This browser is not fully supported by Historic England. Please update your browser to the latest version so that you get the best from our website.

Two stone hut circles and an enclosure 680m ENE of Trowlesworthy Warren House

List Entry Summary

This monument is scheduled under the Ancient Monuments and Archaeological Areas Act 1979 as amended as it appears to the Secretary of State to be of national importance. This entry is a copy, the original is held by the Department for Culture, Media and Sport.

Name: Two stone hut circles and an enclosure 680m ENE of Trowlesworthy Warren House

List entry Number: 1014615

Location

The monument may lie within the boundary of more than one authority.

County: Devon

District: South Hams

District Type: District Authority

Parish: Shaugh Prior

National Park: DARTMOOR

Grade: Not applicable to this List entry.

Date first scheduled: 24-Nov-2000

Date of most recent amendment: Not applicable to this List entry.

Legacy System Information

The contents of this record have been generated from a legacy data system.

Legacy System: RSM

UID: 24239

Asset Groupings

This list entry does not comprise part of an Asset Grouping. Asset Groupings are not part of the official record but are added later for information.

List entry Description

Summary of Monument

Legacy Record - This information may be included in the List Entry Details.

Reasons for Designation

Dartmoor is the largest expanse of open moorland in southern Britain and, because of exceptional conditions of preservation, it is also one of the most complete examples of an upland relict landscape in the whole country. The great wealth and diversity of archaeological remains provide direct evidence for human exploitation of the Moor from the early prehistoric period onwards. The well-preserved and often visible relationship between settlement sites, major land boundaries, trackways, ceremonial and funerary monuments as well as later industrial remains, gives significant insights into successive changes in the pattern of land use through time. Stone hut circles and hut settlements were the dwelling places of prehistoric farmers on Dartmoor. They mostly date from the Bronze Age, with the earliest examples on the Moor in this building tradition dating to about 1700 BC. The stone-based round houses consist of low walls or banks enclosing a circular floor area; remains of the turf or thatch roof are not preserved. The huts may occur singly or in small or large groups and may lie in the open or be enclosed by a bank of earth and stone. Although they are common on the Moor, their longevity and their relationship with other monument types provide important information on the diversity of social organisation and farming practices amongst prehistoric communities. They are particularly representative of their period and a substantial proportion of surviving examples are considered worthy of protection.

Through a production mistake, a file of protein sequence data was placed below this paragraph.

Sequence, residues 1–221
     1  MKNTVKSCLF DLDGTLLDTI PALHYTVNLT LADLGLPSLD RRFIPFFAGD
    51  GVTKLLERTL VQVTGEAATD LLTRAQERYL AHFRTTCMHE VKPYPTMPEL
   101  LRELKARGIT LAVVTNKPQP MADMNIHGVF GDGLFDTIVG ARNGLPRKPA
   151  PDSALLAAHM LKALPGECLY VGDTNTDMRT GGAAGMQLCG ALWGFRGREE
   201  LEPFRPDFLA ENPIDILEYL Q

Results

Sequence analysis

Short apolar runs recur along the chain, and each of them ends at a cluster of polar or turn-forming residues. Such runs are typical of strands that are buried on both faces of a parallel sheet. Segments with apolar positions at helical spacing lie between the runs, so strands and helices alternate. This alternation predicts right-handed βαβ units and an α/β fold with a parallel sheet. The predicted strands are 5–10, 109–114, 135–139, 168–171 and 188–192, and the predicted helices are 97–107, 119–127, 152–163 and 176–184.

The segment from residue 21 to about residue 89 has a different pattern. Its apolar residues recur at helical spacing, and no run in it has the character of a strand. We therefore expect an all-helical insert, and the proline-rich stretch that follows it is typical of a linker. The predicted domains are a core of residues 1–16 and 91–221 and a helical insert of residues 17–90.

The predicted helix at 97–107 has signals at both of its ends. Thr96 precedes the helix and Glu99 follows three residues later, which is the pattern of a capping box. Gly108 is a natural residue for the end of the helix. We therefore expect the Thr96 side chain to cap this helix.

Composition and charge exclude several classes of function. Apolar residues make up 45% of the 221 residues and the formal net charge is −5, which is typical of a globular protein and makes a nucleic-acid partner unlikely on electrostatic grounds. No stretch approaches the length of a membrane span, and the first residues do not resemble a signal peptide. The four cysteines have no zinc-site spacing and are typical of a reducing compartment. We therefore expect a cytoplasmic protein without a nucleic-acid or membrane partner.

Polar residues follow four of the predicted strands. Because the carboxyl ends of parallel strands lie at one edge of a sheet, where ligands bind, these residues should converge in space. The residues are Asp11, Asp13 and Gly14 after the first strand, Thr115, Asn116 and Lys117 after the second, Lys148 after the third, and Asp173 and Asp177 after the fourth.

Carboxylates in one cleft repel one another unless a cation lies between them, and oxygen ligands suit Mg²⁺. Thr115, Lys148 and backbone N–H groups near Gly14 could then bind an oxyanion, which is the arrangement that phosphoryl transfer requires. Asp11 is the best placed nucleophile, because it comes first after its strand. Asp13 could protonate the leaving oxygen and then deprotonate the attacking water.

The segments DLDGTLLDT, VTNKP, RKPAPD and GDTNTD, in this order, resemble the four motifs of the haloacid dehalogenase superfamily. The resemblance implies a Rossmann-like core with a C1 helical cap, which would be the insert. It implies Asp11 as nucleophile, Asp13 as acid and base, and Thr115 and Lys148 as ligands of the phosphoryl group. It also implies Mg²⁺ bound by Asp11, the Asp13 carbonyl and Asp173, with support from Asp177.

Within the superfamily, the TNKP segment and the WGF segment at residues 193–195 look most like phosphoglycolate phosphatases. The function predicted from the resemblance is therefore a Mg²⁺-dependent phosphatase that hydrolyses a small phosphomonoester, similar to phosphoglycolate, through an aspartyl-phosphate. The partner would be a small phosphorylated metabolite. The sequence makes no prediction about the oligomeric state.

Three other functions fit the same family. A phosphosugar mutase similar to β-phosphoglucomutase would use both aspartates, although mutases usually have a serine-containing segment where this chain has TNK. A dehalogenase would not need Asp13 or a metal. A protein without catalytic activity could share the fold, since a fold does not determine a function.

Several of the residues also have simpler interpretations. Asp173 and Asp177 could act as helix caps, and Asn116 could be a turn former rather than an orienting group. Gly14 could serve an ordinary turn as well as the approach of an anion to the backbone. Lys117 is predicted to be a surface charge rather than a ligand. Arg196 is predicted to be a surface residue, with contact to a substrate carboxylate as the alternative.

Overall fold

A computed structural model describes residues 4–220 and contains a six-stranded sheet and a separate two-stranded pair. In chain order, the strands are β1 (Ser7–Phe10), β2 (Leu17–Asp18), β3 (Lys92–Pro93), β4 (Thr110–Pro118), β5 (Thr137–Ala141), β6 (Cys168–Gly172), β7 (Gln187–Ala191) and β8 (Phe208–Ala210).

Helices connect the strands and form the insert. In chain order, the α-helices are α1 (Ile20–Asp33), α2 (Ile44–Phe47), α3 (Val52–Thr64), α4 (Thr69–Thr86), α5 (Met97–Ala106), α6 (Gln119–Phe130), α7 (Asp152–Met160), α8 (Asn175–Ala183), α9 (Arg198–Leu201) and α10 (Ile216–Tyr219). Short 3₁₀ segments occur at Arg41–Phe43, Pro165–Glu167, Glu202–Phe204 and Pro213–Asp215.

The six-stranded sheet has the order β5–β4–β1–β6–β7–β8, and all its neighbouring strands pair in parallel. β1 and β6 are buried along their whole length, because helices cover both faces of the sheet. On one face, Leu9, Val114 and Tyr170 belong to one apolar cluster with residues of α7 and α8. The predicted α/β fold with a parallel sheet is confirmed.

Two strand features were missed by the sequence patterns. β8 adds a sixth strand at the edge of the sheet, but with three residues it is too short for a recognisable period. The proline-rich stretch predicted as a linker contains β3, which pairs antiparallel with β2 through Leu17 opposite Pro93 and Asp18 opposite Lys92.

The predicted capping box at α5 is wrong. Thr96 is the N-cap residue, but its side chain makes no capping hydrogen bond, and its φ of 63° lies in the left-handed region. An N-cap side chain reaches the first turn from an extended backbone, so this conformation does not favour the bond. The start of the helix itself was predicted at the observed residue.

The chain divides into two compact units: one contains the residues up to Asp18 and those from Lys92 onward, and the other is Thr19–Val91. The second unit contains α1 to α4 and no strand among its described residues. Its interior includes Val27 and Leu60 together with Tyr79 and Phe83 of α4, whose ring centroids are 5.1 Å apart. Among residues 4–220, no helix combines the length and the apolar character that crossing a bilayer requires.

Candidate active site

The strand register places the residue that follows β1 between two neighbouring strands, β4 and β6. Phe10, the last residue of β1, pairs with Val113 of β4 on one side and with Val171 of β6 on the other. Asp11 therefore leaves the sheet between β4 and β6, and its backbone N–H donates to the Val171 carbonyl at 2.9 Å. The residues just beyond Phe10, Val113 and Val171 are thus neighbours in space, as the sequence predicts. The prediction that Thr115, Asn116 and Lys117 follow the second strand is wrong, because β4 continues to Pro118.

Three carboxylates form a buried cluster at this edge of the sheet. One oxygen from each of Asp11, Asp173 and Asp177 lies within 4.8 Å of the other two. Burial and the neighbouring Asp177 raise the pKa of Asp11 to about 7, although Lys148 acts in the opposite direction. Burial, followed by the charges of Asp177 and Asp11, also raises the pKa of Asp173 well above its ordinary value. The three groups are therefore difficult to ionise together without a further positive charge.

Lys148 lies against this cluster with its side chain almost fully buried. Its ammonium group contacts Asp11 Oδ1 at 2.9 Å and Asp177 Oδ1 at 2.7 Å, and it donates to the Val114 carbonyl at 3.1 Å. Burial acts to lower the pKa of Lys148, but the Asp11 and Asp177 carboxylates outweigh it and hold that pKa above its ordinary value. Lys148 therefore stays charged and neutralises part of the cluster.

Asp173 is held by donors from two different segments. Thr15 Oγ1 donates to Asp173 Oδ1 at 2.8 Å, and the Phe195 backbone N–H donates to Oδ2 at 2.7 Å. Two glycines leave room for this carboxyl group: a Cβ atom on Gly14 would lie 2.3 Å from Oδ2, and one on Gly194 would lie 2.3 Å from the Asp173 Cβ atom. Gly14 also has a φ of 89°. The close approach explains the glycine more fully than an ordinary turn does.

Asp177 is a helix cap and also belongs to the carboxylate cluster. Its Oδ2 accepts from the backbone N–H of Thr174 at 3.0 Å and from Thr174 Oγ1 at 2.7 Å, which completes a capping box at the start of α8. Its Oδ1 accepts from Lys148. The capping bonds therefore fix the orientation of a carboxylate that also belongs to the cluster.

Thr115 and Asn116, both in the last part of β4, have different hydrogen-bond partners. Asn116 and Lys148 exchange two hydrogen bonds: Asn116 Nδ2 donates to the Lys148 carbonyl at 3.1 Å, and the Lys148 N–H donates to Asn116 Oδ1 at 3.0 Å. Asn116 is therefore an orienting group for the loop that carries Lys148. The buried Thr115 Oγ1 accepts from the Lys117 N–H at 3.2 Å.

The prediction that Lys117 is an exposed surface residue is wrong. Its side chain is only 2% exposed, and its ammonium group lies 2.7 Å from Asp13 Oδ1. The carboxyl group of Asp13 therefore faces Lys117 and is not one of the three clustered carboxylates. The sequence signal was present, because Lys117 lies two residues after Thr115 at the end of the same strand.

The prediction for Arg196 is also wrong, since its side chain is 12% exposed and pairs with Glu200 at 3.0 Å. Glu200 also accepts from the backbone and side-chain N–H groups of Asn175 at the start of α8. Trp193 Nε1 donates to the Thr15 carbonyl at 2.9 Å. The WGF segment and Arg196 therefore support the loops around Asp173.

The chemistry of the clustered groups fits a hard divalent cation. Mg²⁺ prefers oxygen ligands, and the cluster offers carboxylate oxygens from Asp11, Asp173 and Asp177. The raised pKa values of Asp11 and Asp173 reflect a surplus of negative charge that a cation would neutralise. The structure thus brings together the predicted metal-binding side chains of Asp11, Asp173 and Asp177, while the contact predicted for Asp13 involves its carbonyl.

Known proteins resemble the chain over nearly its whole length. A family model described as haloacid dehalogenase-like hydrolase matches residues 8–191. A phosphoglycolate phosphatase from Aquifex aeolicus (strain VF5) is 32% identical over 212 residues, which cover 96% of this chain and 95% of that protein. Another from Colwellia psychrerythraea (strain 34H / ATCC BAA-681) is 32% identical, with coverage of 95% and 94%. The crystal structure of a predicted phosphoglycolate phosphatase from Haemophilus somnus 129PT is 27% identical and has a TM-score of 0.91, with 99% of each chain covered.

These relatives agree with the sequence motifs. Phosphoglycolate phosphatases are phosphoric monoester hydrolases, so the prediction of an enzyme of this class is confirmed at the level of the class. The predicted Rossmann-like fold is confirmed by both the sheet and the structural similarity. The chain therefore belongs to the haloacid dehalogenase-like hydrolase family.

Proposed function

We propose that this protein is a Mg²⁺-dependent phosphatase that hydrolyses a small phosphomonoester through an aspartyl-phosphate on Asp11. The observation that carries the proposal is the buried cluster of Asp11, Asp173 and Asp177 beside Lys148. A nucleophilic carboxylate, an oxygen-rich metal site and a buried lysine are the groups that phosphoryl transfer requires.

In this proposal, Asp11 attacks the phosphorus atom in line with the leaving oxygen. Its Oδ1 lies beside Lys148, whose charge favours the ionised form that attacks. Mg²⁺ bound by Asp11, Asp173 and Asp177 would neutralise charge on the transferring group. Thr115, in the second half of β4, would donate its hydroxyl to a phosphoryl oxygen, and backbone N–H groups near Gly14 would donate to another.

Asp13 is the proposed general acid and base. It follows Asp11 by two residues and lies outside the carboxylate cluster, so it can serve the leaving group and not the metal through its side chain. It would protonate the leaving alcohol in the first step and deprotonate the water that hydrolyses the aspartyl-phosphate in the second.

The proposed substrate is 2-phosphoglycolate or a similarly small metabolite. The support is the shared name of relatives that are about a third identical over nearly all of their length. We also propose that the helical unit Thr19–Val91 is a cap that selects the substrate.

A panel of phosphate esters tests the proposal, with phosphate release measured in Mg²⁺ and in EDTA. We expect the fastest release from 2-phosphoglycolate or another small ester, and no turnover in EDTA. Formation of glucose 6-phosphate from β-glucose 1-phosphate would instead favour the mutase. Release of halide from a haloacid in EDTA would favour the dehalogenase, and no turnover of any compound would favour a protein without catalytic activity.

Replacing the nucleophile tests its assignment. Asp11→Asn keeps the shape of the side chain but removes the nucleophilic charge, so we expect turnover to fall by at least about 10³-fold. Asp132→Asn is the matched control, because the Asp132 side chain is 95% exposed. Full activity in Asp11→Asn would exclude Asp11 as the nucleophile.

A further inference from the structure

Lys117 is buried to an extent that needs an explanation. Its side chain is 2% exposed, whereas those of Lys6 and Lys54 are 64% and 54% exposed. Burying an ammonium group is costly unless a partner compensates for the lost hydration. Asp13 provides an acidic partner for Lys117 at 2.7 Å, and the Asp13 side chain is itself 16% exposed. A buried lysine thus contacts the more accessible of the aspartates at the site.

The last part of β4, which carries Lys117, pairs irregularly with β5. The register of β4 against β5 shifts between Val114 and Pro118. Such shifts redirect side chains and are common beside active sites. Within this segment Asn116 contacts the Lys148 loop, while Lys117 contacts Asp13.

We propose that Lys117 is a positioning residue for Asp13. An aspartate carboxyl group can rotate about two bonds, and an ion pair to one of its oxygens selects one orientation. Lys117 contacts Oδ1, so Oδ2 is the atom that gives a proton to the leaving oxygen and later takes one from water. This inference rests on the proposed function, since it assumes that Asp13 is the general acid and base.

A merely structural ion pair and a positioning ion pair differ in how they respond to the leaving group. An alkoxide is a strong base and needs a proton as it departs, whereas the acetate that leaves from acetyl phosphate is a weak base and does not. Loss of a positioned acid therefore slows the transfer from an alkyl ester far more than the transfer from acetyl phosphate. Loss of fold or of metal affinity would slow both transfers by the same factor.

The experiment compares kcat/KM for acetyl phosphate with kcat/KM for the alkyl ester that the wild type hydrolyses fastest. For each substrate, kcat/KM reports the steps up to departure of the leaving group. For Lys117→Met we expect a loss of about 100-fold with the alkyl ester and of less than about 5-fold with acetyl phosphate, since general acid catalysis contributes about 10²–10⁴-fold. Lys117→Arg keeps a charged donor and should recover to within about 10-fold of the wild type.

The two stone hut circles and enclosure 680m ENE of Trowlesworthy Warren House survive comparatively well and, together with a rich array of nearby features, form part of an archaeological landscape in which the three major periods of human activity on the Moor are represented. This area is a popular visitor destination and the settlement is frequently visited.

History

Legacy Record - This information may be included in the List Entry Details.

Details

This monument includes two stone hut circles and an enclosure situated on a gentle north west facing slope overlooking the River Plym. Both stone hut circles survive as banks of earth and stone surrounding a circular internal area. The interior of the western stone hut circle measures 6m in diameter and the surrounding 0.9m wide wall stands up to 0.3m high. The interior of the eastern hut circle is oval in shape, measures 6.5m long by 4.3m wide and is defined by a 1.3m wide wall standing up to 0.l5m high. A 3.5m wide and 0.8m high rubble bank lies immediately east of the hut. This bank extends southward and divides the nearby enclosure into two parts. The interior of the enclosure measures 14.5m long east to west by 13m wide north to south and is defined by a 1.2m wide rubble bank standing up to 0.4m high. The bank leading through the enclosure measures 1.8m wide, stands up to 0.7m high and appears to post date the enclosure walls. The monument is in the care of the Secretary of State.

MAP EXTRACT The site of the monument is shown on the attached map extract. It includes a 2 metre boundary around the archaeological features, considered to be essential for the monument's support and preservation.

Selected Sources

Other
Devon County Sites and Monuments Register, SX56NE361, (1984)
Gibson, A, Single Monument Class Description - Stone Hut Circles, (1987)
MPP Fieldwork by S. Gerrard, (1993)
Thackray, C., The Upper Plym Valley: The management of an historic landscape, 1994, Archaeological Site Inventory
Thackray, C., The Upper Plym Valley: The management of an historic landscape, 1994, Archaeological Site Inventory

National Grid Reference: SX 57355 65142

Map

Map
© Crown Copyright and database right 2017. All rights reserved. Ordnance Survey Licence number 100024900.
© British Crown and SeaZone Solutions Limited 2017. All rights reserved. Licence number 102006.006.
Use of this data is subject to Terms and Conditions.

The above map is for quick reference purposes only and may not be to scale. For a copy of the full scale map, please see the attached PDF - 1014615 .pdf

The PDF will be generated from our live systems and may take a few minutes to download depending on how busy our servers are. We apologise for this delay.

This copy shows the entry on 12-Dec-2017 at 06:11:32.

End of official listing